When tech mogul Elon Musk founded SpaceX in 2002, the rocket company “basically consisted of carpet and a mariachi band,” Musk said in September 2016. “That was it.”
Today, SpaceX employs hundreds of people all over the US and has expanded its size, scope, and prowess with increasing revenues from government and private contracts.
And on Thursday, the company’s ballooning expertise culminated in the first-ever full reuse of an orbital rocket booster – the most expensive part of a launch system.
“This is going to be a huge revolution for spaceflight. It’s been 15 years to get to this point,” Musk said during a live broadcast of the launch. “I’m at a loss for words.”
With that historic event in the rearview mirror, Musk said SpaceX was looking to make it a routine – if not boring – affair to launch, land, and relaunch rockets within 24 hours.
Musk told reporters in a post-launch briefing that he was “confident it’s possible to achieve a hundredfold reduction” in the cost of getting stuff into space.
There’s no shortage of work to get that done, as well as SpaceX’s other ambitious projects (like building a fleet of 4,425 satellites to blanket Earth in high-speed internet access).
In fact, SpaceX is looking to fill 473 open positions as of Friday, according to its careers website.
The jobs currently available at SpaceX
SpaceX’s careers page offers a bewildering variety of jobs across 41 departments, and all the postings begin with this ambitious-sounding (if not crazy) mission statement:
“SpaceX was founded under the belief that a future where humanity is out exploring the stars is fundamentally more exciting than one where we are not. Today SpaceX is actively developing the technologies to make this possible, with the ultimate goal of enabling human life on Mars.”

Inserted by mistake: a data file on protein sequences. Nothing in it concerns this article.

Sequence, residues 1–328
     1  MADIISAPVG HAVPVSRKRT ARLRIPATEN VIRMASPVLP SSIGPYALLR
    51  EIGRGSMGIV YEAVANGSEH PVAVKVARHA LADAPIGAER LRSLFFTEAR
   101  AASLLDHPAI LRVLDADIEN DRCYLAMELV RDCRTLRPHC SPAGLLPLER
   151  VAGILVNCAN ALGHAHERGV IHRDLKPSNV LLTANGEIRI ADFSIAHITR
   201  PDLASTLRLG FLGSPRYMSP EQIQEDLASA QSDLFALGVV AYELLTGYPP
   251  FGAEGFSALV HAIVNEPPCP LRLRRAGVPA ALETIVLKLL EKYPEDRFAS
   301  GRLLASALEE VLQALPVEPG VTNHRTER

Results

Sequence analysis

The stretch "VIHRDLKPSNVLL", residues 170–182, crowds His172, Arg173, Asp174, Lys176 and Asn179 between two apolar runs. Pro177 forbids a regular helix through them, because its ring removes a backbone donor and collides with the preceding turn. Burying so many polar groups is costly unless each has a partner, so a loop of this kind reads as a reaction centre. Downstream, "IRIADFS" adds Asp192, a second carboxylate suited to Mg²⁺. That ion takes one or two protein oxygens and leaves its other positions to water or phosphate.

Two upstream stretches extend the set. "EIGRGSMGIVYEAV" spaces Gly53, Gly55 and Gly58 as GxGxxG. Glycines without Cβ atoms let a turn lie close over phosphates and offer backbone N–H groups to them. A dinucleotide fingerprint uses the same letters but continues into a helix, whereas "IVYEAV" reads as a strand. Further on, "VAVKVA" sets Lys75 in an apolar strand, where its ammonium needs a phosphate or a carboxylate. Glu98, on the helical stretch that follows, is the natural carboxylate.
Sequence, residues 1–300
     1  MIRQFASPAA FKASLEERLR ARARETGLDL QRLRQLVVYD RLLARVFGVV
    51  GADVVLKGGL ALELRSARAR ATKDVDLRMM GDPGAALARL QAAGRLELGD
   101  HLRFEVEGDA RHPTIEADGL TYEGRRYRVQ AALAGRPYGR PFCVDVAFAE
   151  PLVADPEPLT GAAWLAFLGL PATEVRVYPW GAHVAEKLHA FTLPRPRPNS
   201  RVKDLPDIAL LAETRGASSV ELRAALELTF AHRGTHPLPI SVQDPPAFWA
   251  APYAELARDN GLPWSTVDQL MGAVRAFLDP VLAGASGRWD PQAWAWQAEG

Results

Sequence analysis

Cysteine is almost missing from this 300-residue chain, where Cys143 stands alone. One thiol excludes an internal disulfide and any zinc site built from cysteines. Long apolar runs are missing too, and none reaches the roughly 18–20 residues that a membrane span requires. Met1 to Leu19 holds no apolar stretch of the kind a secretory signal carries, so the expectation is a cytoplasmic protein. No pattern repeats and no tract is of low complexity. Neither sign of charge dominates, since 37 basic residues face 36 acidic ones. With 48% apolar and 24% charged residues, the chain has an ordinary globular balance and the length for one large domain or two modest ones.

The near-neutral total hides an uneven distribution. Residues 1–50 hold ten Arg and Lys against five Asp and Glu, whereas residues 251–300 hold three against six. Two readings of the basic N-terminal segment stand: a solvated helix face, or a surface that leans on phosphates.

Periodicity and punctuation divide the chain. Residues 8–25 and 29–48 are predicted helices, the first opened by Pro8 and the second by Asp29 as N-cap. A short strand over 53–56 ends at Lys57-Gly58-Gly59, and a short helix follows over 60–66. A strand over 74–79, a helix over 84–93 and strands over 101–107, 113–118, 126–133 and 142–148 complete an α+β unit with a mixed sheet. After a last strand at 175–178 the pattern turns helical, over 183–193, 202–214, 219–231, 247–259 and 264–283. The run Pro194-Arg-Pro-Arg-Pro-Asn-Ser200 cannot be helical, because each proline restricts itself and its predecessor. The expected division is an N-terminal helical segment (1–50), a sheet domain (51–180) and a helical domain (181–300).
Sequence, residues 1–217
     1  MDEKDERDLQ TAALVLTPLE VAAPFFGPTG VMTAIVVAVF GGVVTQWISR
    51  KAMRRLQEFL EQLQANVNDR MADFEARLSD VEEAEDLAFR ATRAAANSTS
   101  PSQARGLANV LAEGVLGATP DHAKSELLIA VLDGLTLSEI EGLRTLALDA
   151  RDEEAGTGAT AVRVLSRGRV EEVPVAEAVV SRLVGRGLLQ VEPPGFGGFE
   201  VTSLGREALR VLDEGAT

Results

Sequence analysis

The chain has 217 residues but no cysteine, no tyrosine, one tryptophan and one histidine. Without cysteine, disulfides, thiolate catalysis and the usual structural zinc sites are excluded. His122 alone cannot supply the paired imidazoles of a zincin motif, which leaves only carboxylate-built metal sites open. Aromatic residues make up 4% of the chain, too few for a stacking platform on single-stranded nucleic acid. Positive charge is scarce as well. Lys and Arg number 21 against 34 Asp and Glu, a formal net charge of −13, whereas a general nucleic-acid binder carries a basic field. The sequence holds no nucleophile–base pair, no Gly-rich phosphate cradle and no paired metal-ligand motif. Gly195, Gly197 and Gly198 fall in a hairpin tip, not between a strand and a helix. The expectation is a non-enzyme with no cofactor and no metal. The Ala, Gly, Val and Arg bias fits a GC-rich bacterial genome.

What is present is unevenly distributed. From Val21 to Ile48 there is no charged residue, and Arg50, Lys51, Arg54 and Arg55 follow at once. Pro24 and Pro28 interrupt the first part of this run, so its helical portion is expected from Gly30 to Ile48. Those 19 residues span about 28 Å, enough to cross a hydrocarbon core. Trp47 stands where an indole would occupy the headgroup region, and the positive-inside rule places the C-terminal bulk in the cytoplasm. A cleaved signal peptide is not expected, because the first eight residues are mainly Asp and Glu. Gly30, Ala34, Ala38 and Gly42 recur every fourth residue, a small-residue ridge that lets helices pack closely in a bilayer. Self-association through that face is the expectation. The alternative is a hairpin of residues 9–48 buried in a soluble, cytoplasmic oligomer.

Of the 473 positions, 313, or about two-thirds, are based at SpaceX’s global headquarters in Hawthorne, California, which is southwest of Los Angeles. The rest of the jobs are sprinkled across Brownsville and McGregor in Texas; Cape Canaveral, Florida; Irvine and Vandenberg in California; Redmond, Washington; and Washington, DC.
About half of the positions call for engineers, 33% for technicians, 5% for machinists, 5% for specialists, 5% for managers, and 1% for directors.
These gigs – nearly all of them full-time – don’t all require multiple degrees or up-close experience working with rocket engines, robots, software, explosive fuels, or other high-tech systems required to colonize Mars.
For example, SpaceX is looking for a counsel in Washington, DC, to protect its interests and ensure it’s legally compliant.
Or if you’re a former combat medic who knows how to secure and patrol a site, you might want to be a security officer in Vandenberg.
Are you a “passionate, experienced” line cook with at least two years of experience? The company may have a job for you in McGregor.
What working for Musk and SpaceX is like
Some have praised Musk’s bold leadership, saying they would follow him “into the gates of hell carrying suntan oil” if he asked. But former SpaceX interns have told Business Insider that “people who work there are more driven to work than they are driven to go home. They get burned out really quickly.”
Others have said that while SpaceX employees are “some of the hardest-working and brightest people in the world,” they are “universally defeated” by the intense work demands and expectations.
If that doesn’t phase you, the résumé you give SpaceX had better boast some serious qualifications.
You’re going to need them.